Filing 48

MEMORANDUM OPINION filed. Signed by Judge Michael A. Shipp on 3/7/2016. (eaj)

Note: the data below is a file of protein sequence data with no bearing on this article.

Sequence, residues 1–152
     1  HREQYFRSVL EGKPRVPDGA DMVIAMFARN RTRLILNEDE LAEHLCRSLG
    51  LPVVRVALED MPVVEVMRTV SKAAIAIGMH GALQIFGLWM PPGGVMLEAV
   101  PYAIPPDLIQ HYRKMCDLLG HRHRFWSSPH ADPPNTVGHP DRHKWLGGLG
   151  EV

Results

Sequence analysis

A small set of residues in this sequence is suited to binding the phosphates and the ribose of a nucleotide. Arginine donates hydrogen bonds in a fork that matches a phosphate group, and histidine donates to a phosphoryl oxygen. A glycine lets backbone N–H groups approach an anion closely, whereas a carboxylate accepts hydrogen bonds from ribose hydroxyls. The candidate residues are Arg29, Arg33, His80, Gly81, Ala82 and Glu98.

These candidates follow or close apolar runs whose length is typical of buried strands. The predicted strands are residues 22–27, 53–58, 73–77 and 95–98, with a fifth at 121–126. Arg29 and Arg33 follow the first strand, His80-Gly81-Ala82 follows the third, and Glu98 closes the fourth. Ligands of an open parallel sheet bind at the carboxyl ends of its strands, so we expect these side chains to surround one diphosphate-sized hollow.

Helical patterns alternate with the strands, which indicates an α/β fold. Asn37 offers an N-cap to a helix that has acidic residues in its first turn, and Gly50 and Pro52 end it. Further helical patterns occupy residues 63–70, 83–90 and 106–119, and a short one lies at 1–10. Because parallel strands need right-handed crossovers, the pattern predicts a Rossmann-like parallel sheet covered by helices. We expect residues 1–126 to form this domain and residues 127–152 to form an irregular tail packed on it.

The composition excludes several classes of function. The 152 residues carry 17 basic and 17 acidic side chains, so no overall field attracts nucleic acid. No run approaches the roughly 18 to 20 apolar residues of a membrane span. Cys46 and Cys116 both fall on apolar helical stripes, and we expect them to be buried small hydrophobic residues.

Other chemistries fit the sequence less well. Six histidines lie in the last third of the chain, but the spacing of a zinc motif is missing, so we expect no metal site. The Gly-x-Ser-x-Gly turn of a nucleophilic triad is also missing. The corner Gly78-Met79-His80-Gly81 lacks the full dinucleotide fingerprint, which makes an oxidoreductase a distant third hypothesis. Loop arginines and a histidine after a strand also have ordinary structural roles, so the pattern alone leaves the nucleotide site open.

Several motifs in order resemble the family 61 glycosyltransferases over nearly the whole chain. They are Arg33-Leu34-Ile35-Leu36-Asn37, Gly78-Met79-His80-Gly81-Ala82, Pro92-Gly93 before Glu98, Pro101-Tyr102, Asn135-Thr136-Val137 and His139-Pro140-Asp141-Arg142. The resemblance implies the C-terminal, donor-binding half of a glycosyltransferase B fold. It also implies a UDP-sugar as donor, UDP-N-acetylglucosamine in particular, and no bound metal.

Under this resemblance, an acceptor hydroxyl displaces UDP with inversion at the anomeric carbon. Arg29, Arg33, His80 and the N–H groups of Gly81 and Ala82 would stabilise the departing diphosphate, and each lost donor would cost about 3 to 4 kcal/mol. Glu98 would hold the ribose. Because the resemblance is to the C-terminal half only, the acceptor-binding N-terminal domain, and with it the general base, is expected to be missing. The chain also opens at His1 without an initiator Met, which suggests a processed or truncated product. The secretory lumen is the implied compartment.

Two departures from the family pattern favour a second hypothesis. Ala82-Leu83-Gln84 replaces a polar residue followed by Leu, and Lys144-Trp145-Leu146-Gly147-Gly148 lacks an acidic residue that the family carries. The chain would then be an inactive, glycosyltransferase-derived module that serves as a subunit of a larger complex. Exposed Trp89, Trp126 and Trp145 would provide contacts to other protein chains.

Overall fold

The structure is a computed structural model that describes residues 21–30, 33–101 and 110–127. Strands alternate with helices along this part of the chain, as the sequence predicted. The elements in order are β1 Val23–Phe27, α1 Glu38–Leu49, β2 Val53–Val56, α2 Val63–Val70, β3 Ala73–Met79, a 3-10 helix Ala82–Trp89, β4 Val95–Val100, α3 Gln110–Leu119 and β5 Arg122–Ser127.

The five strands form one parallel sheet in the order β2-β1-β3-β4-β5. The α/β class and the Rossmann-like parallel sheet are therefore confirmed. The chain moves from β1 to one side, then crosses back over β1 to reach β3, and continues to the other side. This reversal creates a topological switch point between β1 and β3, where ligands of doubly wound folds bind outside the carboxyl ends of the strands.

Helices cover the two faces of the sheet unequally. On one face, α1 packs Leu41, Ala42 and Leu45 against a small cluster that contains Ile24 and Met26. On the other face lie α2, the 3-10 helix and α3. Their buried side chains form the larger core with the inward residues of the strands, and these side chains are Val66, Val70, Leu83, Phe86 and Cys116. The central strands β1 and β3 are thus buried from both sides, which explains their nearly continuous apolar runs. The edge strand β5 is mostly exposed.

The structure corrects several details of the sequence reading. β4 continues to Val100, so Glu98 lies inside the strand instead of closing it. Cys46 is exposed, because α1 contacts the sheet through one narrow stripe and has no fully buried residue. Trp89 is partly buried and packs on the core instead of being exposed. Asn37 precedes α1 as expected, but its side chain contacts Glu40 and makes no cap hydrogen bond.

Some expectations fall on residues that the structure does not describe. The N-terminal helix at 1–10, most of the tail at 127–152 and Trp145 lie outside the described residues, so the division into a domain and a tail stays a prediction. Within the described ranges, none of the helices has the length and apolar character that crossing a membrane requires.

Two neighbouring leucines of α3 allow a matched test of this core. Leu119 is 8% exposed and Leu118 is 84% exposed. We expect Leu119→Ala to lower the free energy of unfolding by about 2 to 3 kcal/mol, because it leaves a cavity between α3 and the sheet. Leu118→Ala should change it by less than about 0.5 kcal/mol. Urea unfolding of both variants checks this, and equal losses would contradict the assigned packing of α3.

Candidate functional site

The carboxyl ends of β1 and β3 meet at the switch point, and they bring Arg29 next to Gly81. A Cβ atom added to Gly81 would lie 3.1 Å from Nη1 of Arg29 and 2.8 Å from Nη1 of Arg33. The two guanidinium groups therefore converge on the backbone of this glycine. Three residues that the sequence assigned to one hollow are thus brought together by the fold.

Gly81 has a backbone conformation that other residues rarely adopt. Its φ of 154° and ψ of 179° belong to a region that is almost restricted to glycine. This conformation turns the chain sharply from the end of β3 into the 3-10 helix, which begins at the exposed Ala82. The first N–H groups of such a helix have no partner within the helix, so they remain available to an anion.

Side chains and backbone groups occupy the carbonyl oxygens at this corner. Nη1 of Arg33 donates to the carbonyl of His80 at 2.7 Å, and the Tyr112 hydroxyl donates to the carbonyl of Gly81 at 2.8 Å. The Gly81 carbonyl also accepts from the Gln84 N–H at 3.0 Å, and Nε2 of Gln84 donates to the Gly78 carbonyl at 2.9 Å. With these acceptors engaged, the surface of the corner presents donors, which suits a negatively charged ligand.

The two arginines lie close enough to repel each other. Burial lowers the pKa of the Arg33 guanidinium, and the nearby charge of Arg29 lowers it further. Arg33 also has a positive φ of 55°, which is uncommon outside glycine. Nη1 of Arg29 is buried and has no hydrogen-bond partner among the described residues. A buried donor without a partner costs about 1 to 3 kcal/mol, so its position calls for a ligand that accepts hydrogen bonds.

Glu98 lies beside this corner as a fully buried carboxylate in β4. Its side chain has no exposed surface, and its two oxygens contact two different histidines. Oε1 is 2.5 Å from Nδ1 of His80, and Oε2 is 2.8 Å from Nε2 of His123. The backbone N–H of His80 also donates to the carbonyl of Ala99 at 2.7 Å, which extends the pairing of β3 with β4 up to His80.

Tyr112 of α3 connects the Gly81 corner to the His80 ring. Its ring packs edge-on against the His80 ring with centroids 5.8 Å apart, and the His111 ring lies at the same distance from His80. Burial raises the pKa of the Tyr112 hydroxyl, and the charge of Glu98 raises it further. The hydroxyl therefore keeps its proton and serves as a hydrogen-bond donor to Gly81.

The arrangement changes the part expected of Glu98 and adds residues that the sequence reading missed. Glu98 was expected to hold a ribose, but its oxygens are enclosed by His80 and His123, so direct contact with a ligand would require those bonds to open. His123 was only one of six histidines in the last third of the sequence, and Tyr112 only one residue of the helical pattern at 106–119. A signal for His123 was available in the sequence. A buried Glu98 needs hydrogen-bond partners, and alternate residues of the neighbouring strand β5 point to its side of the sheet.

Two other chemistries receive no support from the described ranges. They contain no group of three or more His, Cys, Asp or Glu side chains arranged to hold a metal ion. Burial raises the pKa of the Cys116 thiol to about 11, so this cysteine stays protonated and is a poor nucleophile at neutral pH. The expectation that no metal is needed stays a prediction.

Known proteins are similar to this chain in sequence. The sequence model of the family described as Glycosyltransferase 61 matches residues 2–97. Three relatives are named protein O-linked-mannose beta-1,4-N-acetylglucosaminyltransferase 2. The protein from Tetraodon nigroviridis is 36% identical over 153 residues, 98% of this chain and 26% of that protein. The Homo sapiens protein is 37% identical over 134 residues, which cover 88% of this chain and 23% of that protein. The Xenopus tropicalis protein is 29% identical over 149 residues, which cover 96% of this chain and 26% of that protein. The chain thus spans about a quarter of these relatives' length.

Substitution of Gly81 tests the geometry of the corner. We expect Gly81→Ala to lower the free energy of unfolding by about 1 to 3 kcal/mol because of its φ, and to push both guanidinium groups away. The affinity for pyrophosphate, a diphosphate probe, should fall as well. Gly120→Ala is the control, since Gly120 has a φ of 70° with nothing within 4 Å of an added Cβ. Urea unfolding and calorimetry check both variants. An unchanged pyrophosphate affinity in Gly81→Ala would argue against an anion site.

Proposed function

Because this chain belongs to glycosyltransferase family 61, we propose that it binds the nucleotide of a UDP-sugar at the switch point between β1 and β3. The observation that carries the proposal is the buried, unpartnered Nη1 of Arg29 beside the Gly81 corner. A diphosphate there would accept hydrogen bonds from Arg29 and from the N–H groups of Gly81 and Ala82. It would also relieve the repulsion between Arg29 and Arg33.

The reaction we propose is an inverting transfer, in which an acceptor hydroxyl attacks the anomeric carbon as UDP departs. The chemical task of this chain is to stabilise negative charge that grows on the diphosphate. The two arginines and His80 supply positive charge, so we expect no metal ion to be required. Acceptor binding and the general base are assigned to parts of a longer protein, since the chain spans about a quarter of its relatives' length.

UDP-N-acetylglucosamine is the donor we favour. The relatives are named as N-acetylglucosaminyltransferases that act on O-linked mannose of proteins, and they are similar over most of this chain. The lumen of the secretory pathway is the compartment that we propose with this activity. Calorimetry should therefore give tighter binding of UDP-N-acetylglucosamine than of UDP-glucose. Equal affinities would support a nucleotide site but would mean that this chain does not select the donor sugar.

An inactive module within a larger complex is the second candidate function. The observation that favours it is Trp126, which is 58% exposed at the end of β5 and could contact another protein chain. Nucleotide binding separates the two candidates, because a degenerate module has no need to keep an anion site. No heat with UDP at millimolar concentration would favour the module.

Download PDF